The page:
London Williams is a multidisciplinary artist that navigates intersections of blackness through masculinity and sexuality within paintings, drawings, photographs, and mixed media. The work approaches documentation of the domestic interior as a reproach of a history that has yet to be lived.
Category: First Year MFA
Steve Alexis is an artist whose work focuses on framing and conveying emotive transference through abstraction. He employs mark making, bold color, and large-scale to create works that speak to the idea of connecting to beauty. He works across the modalities of jewelry, painting, sculpture, performance, and ceramics.
Inbar Hagai works largely in long-term projects, combining video, VR and sculpture, as well as experimental art films verging on the documentary. She focuses mainly on human-animal power relations, the way the feminine image is constructed through kitshi fantasies and the ethical ambivalence of art.
Julianna Johnston’s work begins with human interaction. Co-opting the mechanisms of the surveillance state and the visual lexicon of data collection, they analyze workshops and participatory experiments. Re-presenting them in time-based works and performances that call into question the limits, inaccuracies, and biases inherent in contemporary interfaces and digitally mediated experiences.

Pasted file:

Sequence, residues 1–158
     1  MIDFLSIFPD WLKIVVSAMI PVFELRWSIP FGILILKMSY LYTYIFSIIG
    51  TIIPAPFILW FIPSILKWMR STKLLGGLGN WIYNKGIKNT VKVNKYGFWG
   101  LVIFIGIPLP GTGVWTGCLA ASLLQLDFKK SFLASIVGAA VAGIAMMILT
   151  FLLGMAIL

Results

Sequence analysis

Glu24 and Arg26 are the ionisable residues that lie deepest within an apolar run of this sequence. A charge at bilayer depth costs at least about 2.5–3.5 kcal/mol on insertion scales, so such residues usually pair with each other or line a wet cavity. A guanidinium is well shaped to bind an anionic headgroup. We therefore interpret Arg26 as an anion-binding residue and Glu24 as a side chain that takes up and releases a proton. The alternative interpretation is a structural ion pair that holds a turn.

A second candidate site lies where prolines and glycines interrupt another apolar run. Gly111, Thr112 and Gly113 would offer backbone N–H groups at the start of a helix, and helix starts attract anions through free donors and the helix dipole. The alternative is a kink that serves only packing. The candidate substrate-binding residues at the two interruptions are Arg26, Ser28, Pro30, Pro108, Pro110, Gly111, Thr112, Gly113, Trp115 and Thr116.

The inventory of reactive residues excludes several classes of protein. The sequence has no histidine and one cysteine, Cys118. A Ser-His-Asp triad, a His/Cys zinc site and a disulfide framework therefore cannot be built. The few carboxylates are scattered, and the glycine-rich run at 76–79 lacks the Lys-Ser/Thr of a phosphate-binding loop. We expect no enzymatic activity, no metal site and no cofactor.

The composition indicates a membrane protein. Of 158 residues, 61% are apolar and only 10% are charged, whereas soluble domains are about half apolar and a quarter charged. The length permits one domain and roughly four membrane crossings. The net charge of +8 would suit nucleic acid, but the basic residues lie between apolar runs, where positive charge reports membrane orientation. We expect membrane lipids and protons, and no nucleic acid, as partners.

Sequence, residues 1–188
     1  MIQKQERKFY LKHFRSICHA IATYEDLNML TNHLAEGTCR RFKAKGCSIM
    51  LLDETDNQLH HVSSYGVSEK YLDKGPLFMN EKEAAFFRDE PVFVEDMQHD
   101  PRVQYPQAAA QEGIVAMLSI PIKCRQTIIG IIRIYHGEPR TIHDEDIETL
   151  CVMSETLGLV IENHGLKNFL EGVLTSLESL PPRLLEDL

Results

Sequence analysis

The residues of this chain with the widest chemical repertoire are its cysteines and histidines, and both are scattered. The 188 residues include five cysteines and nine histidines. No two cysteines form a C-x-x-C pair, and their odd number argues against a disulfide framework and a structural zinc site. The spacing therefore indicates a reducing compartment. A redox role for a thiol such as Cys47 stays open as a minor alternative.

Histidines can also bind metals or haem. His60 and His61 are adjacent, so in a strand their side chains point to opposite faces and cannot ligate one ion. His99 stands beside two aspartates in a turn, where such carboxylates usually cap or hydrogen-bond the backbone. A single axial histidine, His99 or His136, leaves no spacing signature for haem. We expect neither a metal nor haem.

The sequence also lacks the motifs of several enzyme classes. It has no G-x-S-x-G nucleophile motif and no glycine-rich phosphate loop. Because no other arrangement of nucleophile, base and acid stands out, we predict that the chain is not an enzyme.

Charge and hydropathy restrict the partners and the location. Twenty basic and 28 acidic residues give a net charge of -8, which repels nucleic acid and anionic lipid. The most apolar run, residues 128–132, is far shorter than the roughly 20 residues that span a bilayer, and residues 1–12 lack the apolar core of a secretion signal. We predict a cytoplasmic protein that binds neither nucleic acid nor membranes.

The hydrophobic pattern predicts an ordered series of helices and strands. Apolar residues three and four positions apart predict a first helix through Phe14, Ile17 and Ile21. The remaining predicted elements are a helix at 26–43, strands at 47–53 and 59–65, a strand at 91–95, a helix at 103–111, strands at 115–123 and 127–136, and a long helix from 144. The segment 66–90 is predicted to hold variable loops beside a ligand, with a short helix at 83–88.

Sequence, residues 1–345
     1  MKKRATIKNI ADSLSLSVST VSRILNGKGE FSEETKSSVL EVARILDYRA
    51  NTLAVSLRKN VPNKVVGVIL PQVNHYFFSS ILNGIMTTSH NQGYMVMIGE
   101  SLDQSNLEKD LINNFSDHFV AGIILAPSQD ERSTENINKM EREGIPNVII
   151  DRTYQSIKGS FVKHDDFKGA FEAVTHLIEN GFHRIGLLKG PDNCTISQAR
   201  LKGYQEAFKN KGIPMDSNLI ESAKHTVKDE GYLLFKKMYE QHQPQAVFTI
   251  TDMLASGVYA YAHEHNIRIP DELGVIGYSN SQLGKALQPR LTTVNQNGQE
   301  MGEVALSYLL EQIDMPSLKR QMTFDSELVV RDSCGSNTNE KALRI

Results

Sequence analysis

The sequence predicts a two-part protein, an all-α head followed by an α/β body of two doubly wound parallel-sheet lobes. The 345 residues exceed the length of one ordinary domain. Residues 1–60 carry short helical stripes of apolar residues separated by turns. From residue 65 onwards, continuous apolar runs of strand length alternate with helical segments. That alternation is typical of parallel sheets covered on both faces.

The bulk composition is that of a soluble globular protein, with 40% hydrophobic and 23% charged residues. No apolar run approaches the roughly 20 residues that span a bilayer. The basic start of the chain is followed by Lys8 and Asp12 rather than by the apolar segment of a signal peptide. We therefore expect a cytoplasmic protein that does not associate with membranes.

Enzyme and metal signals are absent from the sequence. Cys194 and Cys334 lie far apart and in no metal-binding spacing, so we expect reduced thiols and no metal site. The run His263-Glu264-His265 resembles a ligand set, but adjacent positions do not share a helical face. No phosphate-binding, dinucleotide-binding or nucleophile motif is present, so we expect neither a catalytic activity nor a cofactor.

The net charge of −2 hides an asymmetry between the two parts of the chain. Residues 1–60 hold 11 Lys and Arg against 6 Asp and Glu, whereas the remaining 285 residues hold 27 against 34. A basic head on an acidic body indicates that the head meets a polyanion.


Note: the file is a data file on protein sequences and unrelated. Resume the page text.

Sobia Ahmad’s interdisciplinary practice investigates how our deeply intimate struggles of belonging can inform larger conversations about national identity, notions of home, cultural memory, and gender. By weaving personal and communal narratives with current and historical socio-political contexts, she highlights the inseparability of the self and larger power structures.
Anisha Baid’s practice and research involve an investigation of pervasive technologies through an examination of their design, diversity of use, and their relationship with ideas from science fiction. Her work attempts to poke at the flat-scapes of the computer screen to decode computer labor through the interface — a technological tool that has converted most spaces of work into image space.